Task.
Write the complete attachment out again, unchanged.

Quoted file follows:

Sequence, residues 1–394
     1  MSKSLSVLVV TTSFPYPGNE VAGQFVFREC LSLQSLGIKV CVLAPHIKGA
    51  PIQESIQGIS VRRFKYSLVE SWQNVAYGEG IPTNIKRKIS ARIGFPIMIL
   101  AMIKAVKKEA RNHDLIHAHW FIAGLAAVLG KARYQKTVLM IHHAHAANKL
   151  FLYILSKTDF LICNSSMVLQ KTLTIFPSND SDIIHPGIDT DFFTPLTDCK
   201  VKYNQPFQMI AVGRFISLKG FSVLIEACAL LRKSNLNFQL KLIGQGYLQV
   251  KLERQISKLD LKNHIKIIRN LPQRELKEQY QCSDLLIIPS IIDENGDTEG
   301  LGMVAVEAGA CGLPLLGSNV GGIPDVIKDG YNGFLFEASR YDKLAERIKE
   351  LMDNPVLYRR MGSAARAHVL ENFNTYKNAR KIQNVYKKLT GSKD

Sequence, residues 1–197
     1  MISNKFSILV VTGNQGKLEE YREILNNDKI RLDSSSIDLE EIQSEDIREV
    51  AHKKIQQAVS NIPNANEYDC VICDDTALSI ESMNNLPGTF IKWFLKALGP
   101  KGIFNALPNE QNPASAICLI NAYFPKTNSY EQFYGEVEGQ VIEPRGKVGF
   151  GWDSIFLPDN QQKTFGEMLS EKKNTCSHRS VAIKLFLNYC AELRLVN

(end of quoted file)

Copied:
Sequence, residues 1–394
     1  MSKSLSVLVV TTSFPYPGNE VAGQFVFREC LSLQSLGIKV CVLAPHIKGA
    51  PIQESIQGIS VRRFKYSLVE SWQNVAYGEG IPTNIKRKIS ARIGFPIMIL
   101  AMIKAVKKEA RNHDLIHAHW FIAGLAAVLG KARYQKTVLM IHHAHAANKL
   151  FLYILSKTDF LICNSSMVLQ KTLTIFPSND SDIIHPGIDT DFFTPLTDCK
   201  VKYNQPFQMI AVGRFISLKG FSVLIEACAL LRKSNLNFQL KLIGQGYLQV
   251  KLERQISKLD LKNHIKIIRN LPQRELKEQY QCSDLLIIPS IIDENGDTEG
   301  LGMVAVEAGA CGLPLLGSNV GGIPDVIKDG YNGFLFEASR YDKLAERIKE
   351  LMDNPVLYRR MGSAARAHVL ENFNTYKNAR KIQNVYKKLT GSKD

Sequence, residues 1–197
     1  MISNKFSILV VTGNQGKLEE YREILNNDKI RLDSSSIDLE EIQSEDIREV
    51  AHKKIQQAVS NIPNANEYDC VICDDTALSI ESMNNLPGTF IKWFLKALGP
   101  KGIFNALPNE QNPASAICLI NAYFPKTNSY EQFYGEVEGQ VIEPRGKVGF
   151  GWDSIFLPDN QQKTFGEMLS EKKNTCSHRS VAIKLFLNYC AELRLVN